Student and intellectual movement transformed into a mass movement
Though the language agitation had not attained its immediate objective, it however produced certain inevitable consequences. First, it generated a mass movement secular in character. Second, it enlisted the sympathy and support of a wider section of the masses. Thirdly, it cut across all political and religious barriers and penetrated into the heart of every citizen.
It was not urban in character. Those who played an effective role in conducting the movement came from the rural peasantry. Finally, it induced East Bengal to think that the Bengali interests were not safe in the hands of the Muslim League Government dominated by the West Pakistanis. The East Bengal language agitation left an imprint on the minds of the people who decided to observe 21 February as a Shaheed Dibosh (Martyrs Day).
All the victims shared a Bengali identity, a point that is highlighted at each annual Ekushey observance. The student of the medical college erected a Shaheed Minar (Martyrs' Column) on the night of 23 February 1952 at the spot where one of their friends, Barkat, was shot dead. Maulana Bhashani along with Abu Hossain Sarker, chief minister of the then East Bengal and mother of martyred Barkat laid the first foundation stone of Shaheed Minar. This monument was to become the rallying point for Bengali nationalism. Three days later, the police demolished the memorial.
The tragic 1952 events rallied Bengalis around a common purpose: the protection and preservation of their culture as exemplified in the monument, the commemorative events, and the activities inspired by the clashes with police.
The Language Movement affected the Bengalis as a people; a latent cultural nationalism was fused to a political cause and the common bond stimulated a politically conscious public. The people of Bengal had something they all believed in; in fact could fight and die for. Irrespective of the narrow patriotism it created, it propelled the Bengali on the road to political maturity.
For subsequent 3 to 4 days after Ekushey February, Dhaka turned into a city of demonstrations and processions by thousands of people chanting angry slogans against police atrocities, although curfew was still in force. Shops stayed closed and no vehicles were seen on the streets of Dhaka. Railway workers stayed away from work, which meant that trains did not leave Dhaka or enter it. Clashes between citizens and the police were reported from various parts of the city. Despite a heavy presence of police and soldiers on the streets, thousands of Bengalis poured out to condemn the government over the killings of February 21. Women students of Dhaka University, besides their male fellow students, came together to condemn what they called the barbaric act of the government. Hartal was observed all over the province and various organisations issued statements severely condemning the police action of 21st February, whilst the students demanded the resignation of the chief minister Nurul Amin.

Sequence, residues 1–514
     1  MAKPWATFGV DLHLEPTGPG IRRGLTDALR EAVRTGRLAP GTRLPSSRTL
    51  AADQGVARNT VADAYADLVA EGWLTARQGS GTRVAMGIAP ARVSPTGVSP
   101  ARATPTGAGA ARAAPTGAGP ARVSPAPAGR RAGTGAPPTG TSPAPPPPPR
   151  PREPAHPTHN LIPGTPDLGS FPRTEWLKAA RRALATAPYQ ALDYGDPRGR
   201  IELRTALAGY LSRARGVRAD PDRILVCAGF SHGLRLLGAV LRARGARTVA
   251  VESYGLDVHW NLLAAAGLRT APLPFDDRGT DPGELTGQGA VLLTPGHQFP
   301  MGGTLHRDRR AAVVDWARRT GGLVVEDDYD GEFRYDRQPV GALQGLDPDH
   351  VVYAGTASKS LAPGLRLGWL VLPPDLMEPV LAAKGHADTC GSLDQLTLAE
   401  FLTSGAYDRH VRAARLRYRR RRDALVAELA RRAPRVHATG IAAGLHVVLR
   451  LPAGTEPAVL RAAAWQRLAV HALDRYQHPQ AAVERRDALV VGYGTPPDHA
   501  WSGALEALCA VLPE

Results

Prominent activists arrested and jailed
As February 23 drew to a close, the Tamaddun Majlis issued a statement severely criticizing the action of the government. It resolved to continue the struggle for Bangla as the language of the state.
The Weekly Sainik [newspaper] brought out special issue on 22 February. As all the copies were exhausted soon, it had to go for 2nd and 3rd editions on 23 February with reporters on the latest situation.
The New Nation (Bangladesh)
Most of the leaders went into hiding as police had been frantically trying to arrest them. Within two weeks from the nightfall of 23 February 1952 most of the members of the Committee of Action and other leaders of the Movement including Maulana Bhashani, Abul Hashim, Shamsul Huq, Kazi Golam Mahbub, Khairat Hossain, Oil Ahad, Abdul Matin, Mirza Golam Hafiz, Khandakar Moshtaq Ahmad, Mohammd Toaha, Khaleq Nawaz Khan, Aziz Ahmad, etc. were arrested. At about 3am in the night following 23 February 1952 police surrounded the office of Tamaddun Majlis at 19 Azimpur in order to arrest Prof. M.A. Quasem and Abdul Ghafur, but they were able to go out of the office and escape arrest.
The next few days brought violence and agitation. The state’s coercive power was used against the protestors again and again. For their part, the protestors too went to the extreme: government installations were stoned and offices of the Morning News, which had always opposed Bengali, were burnt. The government responded by arresting prominent anti-government politicians and intellectuals.
Ekushey February created myths, symbols and slogans... It gave Bengalis not only a popular common cause but also their first martyrs.
Michael E. Brown & Sumit Ganguly, Editors of "Fighting Words: Language Policy and Ethnic Relations in Asia" (2003)